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Thread poster: LoyalTrans

LoyalTrans
Local time: 10:04
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Nov 5, 2007

http://finance.eastday.com/m/20071103/u1a3205864.html

搞不懂这些官方统计数字为什么总是要远低于实际情况??

上海5000多就能算白领?哈哈

估计香港的“白领”才能在上海过过日子。。


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xxxwonita
China
Local time: 23:04
算的是正式工资 Nov 5, 2007

Robert Cai wrote:

http://finance.eastday.com/m/20071103/u1a3205864.html

搞不懂这些官方统计数字为什么总是要远低于实际情况??

上海5000多就能算白领?哈哈

估计香港的“白领”才能在上海过过日子。。



能摆到桌面上的收入就是这么多。其它来路不明的收入未算在内。

[Edited at 2007-11-05 16:57]


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pkchan  Identity Verified
United States
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白領何指? Nov 5, 2007

白領是指非體力勞動者嗎?包括那些工種、職位。在香港似乎是泛指在寫字樓(OFFICE 辦公室)或打洋行工的人。不知道在中國的定義是什麼。

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jyuan_us  Identity Verified
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白領藍領之分本身就是對藍領的歧視 Nov 5, 2007

pkchan wrote:

白領是指非體力勞動者嗎?包括那些工種、職位。在香港似乎是泛指在寫字樓(OFFICE 辦公室)或打洋行工的人。不知道在中國的定義是什麼。


在英語環境里早就不用這兩個詞了﹐沒想到這些倒成了劃分階層的官方用語。


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wherestip  Identity Verified
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脑力劳动 vs. 体力劳动 Nov 5, 2007

"万般皆下品 唯有读书高" 这种意识是否已过时? 我看实际上并不符合 中国当前的情况 ... 据 pk 引述的那篇文章, 孵小鸡不一样获得多桶金嘛

http://en.wikipedia.org/wiki/White-collar_worker



White-collar worker is an idiom referring to a salaried professional or a person whose job is clerical in nature, as opposed to a blue-collar worker whose job is more in line with manual labor. White-collar work is an informal term as there is no accepted enumeration of white-collar jobs to the extent that it is typically defined as any job that is not blue-collar.

History

Origin of the Term
The term 'white-collar' derives from the clerical collar of a priest's clothing. Prior to the rise of separate professional and mercantile classes, priests not only performed ecclesiastical duties, but also served as physicians, lawyers, scribes, and accountants: often, they were the only literate members of a society in which others could not read or write.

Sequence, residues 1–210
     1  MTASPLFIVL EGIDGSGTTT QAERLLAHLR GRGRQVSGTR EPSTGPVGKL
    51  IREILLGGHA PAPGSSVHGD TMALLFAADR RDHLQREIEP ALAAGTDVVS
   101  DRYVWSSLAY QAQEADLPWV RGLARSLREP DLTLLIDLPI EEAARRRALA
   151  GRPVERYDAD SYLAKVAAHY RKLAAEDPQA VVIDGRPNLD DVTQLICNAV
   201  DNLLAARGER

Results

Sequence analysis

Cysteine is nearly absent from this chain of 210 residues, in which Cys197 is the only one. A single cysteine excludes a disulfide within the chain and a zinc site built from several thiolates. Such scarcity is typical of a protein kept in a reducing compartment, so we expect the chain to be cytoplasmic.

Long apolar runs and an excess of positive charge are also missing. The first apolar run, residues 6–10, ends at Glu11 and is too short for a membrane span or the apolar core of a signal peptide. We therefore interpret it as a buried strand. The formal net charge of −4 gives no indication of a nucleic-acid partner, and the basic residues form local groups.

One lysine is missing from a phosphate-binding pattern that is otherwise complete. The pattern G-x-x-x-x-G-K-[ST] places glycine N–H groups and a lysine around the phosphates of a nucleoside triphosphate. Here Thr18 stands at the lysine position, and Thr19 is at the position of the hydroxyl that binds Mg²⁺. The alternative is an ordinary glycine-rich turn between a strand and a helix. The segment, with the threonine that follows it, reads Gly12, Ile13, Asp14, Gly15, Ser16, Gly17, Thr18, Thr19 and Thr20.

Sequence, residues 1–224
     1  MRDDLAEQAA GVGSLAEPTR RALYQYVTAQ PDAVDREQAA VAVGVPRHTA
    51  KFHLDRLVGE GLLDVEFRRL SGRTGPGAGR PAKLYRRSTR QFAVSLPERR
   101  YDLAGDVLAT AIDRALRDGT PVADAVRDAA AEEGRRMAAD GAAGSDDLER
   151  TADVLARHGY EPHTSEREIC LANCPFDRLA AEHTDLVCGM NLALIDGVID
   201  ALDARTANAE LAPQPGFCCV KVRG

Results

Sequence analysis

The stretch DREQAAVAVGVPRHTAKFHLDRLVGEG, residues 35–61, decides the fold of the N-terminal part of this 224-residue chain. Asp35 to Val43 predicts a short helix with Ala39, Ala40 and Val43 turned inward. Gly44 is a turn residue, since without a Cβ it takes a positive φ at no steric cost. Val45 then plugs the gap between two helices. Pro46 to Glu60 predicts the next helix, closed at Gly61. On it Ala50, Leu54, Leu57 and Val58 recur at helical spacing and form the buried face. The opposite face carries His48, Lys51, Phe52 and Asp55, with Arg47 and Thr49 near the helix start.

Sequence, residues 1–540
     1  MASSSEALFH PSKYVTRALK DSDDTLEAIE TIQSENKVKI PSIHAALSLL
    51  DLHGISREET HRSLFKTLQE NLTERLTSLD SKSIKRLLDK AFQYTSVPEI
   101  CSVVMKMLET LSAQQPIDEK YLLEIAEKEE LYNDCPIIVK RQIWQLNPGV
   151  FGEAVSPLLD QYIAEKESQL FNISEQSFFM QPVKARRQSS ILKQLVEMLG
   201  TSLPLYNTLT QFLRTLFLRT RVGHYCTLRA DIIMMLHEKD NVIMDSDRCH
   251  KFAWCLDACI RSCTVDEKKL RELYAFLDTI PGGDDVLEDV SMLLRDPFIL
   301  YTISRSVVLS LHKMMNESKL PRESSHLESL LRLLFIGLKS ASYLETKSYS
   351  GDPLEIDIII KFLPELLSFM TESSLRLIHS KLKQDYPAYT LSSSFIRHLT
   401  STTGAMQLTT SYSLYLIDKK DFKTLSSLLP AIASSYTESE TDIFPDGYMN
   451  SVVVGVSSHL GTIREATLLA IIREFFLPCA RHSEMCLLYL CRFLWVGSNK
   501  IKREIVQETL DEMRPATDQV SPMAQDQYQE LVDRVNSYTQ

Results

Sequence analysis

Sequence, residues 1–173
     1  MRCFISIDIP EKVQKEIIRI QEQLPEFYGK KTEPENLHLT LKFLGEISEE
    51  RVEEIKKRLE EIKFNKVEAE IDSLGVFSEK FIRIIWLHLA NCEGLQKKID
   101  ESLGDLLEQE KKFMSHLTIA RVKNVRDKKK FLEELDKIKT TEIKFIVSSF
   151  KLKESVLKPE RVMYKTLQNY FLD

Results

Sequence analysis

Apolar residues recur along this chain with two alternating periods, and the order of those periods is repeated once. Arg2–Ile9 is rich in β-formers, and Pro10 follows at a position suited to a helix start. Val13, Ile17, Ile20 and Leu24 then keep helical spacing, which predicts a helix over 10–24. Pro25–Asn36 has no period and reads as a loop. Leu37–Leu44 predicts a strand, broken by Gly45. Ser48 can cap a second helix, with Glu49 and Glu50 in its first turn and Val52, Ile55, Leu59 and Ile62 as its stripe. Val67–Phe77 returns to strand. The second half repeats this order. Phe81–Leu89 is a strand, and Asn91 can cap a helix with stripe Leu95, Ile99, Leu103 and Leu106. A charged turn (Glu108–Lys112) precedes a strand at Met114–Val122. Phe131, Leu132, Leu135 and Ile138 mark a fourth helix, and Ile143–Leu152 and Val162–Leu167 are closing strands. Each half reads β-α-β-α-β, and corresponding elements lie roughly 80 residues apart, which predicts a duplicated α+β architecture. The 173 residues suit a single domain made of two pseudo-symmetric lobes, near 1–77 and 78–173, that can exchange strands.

Demographics
The proportion of white collar workers steadily increased from 17% of employees in 1900 to 59.4% of employees having white-collar jobs in 1998. This is likely due to the recent technological revolution, and changes in the economic structure of the United States.

Formerly a minority in the agrarian and early industrial societies, they have become a majority in industrialized countries. The recent technological revolution has created disproportionately more desk jobs, and lessened the number of employees doing manual work in factories. Generally, the pay rate is higher among white-collar workers, although many of the "white-collar" workers are not necessarily upper-middle class or of privilege as the term once implied. For example, many jobs in the ever growing service sector have a high dress code despite their low pay, whereas ironically, many skilled manual trades-people earn comfortable middle-class salaries, although the jobs may be increasingly scarce.

Also, an increasing number of companies do not have any blue-collar workers because they do not physically manufacture anything within their home country, but instead have an entire hierarchy of white-collar desk workers who mostly dress the same.[citation needed] In this type of corporate environment, the ranking is less signified by the clothing, but may be strikingly apparent by the quality of the work space, the responsibilities delegated, the privileges granted, and by the salary itself.

In recent times workers have had varying degrees of latitude about their choice of dress. Dress codes can range from relaxed - with employees allowed to wear jeans and street clothes — up to traditional office attire. Many companies today operate in a business casual environment — where employees are required to wear dress pants (business trousers) or skirts and a shirt with a collar. Because of this, not all what would be called white-collar workers in fact wear the traditional white shirt and tie.